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Kacey Musgraves “Same Trailer, Different Park” –Album Review

Mercury Nashville (2013)

Set against a backdrop of big-voiced, bigger-than-life female country singers like Carrie Underwood, Taylor Swift and Miranda Lambert, Kacey Musgraves has spent the last several years releasing independent records, flying under the radar with her midtempo Americana style and understated alto voice. However, with her new release on Mercury Nashville, Same Trailer, Different Park, it appears that this talented young vocalist is set to show up on a lot more radar screens.

Admittedly, this has been setting up for Musgraves for several months now. In the past year since signing with Mercury, she’s landed a tour slot on Lady A’s Own the Night Tour, penned tunes that have gotten placed on ABC’s series Nashville and Miranda Lambert’s new album Four the Record, and released charting single “Merry-Go-Round.” This activity has apparently gotten her on the radar of enough fans and industry people to gain Musgraves several nominations on next month’s Academy of Country Music Awards, including Female Vocalist of the Year and New Female Vocalist of the Year.

There’s a double-edged sword tied to all this recent attention, because it gives Same Trailer, Different Park a lot to live up to. Fortunately, it holds up quite well, thank you. And surprisingly, it holds up without Kacey Musgraves trying to keep up with the big voices around. Instead, Musgraves makes it work with a combination of innovative alt-country arrangements, poignant songs and solid vocals that don’t try to overstep.

Now, don’t be fooled into thinking Musgraves’ relaxed musical style puts her into a mediocre, middle-of-the-road category. Not in the least. Behind that smooth voice and plucky banjo lies a biting lyricism that could give Pistol Annies a run for their money. The lead single “Merry-Go-Round,” is a great example in itself, painting a mournful but unflinching picture of the grit behind the veneer of small-town Americana: “Mama’s hooked on Mary Kay / Brother’s hooked on Mary Jane / Daddy’s hooked on Mary two doors down.” Then there’s “Follow Your Arrow,” an expose of the double standards of traditional values coupled with an I’m-okay-you’re-okay conclusion that’s bound to raise a few eyebrows in the Bible Belt: “Make lots of noise, kiss lots of boys / Or kiss lots of girls if that’s what you’re into / When the straight and narrow gets a little too straight / Roll up a joint, or don’t / Just follow your arrow wherever it points.” The style is definitely country-folk Americana, but don’t mistake it for your grandmother’s country. It’s not. At all.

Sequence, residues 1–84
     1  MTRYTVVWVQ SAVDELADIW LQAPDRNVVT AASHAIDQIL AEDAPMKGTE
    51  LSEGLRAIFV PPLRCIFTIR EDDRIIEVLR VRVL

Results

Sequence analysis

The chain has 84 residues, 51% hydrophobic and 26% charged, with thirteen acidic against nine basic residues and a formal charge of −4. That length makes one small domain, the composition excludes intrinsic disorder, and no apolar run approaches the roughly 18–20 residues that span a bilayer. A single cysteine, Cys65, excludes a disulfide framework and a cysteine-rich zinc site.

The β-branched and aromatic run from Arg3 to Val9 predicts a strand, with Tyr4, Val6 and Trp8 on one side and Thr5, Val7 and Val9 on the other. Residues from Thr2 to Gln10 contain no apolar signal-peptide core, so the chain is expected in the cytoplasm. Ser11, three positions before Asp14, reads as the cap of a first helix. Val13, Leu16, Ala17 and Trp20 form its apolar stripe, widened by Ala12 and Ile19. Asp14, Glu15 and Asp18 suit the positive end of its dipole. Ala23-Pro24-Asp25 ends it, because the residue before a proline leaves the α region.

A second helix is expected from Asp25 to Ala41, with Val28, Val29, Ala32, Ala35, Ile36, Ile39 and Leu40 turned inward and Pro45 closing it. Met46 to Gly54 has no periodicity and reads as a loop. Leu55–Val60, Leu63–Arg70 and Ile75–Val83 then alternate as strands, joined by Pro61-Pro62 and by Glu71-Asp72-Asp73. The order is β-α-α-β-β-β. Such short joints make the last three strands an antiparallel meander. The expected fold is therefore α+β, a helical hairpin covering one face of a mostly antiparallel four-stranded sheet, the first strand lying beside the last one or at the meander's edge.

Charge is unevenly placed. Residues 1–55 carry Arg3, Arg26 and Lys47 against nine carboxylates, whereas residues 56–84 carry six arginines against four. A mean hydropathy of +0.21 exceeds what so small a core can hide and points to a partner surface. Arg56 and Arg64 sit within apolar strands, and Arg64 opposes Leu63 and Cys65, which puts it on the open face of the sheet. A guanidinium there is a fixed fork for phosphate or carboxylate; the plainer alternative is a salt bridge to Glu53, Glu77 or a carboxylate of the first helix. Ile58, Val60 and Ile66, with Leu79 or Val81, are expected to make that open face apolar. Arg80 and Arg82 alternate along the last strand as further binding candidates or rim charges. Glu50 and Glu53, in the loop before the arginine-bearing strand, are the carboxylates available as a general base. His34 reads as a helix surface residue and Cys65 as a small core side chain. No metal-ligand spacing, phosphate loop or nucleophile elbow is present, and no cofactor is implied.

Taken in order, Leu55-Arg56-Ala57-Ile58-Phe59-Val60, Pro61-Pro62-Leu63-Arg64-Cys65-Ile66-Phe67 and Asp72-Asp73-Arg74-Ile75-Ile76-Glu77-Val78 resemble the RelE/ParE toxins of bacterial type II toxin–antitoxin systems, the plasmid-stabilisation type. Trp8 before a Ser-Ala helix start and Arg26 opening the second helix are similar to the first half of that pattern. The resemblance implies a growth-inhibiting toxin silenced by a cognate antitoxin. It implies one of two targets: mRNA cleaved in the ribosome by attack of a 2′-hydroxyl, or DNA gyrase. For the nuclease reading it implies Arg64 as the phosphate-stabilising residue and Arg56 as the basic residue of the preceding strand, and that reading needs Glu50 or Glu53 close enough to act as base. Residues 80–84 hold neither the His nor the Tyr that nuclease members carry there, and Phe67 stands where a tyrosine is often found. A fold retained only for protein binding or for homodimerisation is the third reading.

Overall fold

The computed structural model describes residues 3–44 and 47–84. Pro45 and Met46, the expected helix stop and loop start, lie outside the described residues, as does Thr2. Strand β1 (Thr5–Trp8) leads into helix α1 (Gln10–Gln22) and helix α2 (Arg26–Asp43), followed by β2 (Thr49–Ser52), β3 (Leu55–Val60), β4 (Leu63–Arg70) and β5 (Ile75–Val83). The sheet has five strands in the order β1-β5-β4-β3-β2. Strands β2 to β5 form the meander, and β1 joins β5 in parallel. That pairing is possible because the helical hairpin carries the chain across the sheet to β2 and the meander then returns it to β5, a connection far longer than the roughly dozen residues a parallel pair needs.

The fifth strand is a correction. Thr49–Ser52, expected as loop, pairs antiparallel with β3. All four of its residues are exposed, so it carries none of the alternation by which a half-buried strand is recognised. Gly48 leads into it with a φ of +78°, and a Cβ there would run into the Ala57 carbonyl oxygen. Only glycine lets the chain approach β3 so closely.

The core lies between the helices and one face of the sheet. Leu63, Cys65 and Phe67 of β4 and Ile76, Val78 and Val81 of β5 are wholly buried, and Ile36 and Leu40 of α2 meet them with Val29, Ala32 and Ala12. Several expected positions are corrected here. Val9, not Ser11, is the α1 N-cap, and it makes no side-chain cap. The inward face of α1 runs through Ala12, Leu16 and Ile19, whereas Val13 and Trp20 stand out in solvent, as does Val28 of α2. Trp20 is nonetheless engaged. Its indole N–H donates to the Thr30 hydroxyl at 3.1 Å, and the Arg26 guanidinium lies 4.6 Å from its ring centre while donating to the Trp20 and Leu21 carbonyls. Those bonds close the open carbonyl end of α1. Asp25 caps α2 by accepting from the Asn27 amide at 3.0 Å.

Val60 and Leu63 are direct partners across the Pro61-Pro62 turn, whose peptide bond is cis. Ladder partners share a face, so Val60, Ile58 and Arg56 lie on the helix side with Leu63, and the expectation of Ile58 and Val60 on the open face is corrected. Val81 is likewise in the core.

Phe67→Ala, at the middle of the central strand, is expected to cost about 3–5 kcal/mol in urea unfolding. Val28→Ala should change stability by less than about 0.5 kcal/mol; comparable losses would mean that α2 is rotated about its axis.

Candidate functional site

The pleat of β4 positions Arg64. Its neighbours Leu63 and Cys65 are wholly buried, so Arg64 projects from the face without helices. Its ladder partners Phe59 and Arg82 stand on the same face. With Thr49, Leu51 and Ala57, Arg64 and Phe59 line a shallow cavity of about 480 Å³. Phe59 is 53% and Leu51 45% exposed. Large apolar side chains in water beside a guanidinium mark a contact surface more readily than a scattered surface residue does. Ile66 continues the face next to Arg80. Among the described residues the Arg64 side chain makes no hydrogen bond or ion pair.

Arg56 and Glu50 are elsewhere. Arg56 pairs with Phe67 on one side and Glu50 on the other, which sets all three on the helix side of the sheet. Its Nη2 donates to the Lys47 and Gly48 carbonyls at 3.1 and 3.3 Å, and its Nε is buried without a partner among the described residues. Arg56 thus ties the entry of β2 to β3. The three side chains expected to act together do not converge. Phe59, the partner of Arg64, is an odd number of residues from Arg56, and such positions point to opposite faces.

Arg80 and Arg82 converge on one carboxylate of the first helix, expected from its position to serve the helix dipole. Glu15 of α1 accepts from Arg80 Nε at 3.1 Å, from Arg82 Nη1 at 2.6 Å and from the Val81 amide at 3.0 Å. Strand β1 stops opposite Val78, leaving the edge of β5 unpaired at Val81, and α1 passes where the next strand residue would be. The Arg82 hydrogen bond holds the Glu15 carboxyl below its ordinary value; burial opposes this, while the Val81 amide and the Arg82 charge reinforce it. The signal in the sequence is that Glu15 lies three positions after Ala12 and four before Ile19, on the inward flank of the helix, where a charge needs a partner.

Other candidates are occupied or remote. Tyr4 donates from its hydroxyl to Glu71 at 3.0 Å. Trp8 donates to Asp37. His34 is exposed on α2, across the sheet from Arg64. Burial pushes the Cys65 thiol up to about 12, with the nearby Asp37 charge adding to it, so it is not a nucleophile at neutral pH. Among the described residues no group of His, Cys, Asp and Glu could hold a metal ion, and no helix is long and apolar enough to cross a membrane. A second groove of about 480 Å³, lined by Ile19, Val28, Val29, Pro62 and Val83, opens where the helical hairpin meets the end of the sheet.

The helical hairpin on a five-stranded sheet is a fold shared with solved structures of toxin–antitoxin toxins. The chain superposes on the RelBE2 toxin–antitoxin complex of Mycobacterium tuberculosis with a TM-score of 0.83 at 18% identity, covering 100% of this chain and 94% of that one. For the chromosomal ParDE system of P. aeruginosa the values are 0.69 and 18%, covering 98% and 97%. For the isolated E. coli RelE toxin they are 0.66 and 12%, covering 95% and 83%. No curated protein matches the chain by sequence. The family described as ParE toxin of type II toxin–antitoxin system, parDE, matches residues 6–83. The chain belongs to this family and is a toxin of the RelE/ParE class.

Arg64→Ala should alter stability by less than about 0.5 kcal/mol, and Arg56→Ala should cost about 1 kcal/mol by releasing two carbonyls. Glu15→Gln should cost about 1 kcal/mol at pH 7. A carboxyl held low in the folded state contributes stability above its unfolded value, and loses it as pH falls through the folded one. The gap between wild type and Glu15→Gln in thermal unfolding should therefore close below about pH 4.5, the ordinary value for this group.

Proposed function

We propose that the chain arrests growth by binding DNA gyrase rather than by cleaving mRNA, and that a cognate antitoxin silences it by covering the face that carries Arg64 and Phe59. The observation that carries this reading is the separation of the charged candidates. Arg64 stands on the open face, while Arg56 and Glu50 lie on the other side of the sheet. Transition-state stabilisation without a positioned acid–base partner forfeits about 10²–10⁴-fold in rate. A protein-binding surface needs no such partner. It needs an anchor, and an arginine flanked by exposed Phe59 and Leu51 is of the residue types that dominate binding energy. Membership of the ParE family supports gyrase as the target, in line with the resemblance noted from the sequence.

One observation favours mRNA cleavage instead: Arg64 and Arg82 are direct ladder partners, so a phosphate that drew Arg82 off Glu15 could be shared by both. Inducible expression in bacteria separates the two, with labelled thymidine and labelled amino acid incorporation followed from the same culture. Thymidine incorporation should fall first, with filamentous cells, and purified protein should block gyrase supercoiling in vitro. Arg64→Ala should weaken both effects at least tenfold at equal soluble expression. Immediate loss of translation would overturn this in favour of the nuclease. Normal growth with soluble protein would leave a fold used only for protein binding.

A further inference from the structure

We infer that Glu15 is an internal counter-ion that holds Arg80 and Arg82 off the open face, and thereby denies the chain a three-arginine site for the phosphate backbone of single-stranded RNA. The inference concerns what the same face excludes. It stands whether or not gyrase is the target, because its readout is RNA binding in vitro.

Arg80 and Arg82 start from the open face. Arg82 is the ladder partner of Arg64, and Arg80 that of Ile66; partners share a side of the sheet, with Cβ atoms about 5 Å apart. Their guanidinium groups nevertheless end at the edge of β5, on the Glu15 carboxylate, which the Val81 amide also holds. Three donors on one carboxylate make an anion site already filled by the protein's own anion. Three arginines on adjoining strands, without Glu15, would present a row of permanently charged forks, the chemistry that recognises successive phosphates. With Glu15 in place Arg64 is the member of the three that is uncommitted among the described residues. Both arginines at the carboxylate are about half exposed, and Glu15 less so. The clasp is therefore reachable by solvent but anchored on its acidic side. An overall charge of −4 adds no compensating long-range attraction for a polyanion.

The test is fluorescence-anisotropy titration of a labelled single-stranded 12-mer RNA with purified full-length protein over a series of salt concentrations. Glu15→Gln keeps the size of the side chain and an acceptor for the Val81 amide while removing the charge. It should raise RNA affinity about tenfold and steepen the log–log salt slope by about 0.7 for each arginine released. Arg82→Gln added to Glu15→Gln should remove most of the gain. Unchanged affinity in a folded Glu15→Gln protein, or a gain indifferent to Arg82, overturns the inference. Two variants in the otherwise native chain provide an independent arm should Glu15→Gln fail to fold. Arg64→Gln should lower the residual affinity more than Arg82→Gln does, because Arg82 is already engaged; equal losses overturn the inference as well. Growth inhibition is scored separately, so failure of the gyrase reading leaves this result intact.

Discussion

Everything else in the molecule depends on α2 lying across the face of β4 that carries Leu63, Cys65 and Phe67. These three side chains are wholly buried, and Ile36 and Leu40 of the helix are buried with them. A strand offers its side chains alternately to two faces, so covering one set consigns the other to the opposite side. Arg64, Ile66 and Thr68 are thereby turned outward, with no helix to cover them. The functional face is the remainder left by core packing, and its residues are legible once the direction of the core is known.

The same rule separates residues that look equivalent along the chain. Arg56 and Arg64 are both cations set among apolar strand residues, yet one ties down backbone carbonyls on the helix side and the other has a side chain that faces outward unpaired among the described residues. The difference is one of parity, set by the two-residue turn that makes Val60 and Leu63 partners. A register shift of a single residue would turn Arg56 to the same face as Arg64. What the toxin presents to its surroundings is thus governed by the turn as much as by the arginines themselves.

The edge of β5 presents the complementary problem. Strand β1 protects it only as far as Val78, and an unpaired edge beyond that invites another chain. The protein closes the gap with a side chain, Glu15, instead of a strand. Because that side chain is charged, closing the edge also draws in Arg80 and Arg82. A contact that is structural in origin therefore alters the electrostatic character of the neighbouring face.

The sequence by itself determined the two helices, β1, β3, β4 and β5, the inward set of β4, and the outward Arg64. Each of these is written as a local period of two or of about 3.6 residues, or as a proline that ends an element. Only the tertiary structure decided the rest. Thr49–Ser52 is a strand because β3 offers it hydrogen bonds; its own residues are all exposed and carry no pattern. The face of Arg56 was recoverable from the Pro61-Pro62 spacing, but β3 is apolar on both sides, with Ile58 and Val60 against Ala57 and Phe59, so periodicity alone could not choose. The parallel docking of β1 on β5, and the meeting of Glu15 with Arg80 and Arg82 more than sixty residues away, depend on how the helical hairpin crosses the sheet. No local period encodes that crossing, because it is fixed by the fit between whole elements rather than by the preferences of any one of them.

But here’s the thing: despite how many feathers it ruffles, or what you think of Musgrave’s outlook, the fact remains that Same Trailer, Different Park is just plain, really good country music—well written, well sung, well performed. And the beauty of it is that Kacey Musgraves has released a highly competitive record by not competing with big female voices, but instead by focusing on her own strengths and doing what she does with excellence.

And that just might just be enough to create a niche of her own. I hope so.

4.5 / 5 stars     

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About the Author


Music blogger Rob Burkhardt has been a fan of country music since he was a child, cutting his teeth on the sounds of Johnny Cash, Willie Nelson, Reba McIntyre and George Jones. In the words of the now-legendary Barbara Mandrell song, he was "country when country wasn't cool." Nowadays, Rob is both intrigued and excited about the mainstream crossover appeal of modern country, as seen in the success of artists like Carrie Underwood, Rascal Flatts and Lady Antebellum. Even so, Rob's personal tastes in country music remain "old school," tied to the great legends of country. When he's not blogging about country music, Rob Burkhardt holds a day job as a middle school teacher, and is an avid sports fan. He lives with his wife and two teenage girls in southern Ohio.

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Posted in: Album Reviews, Country Music, Featured


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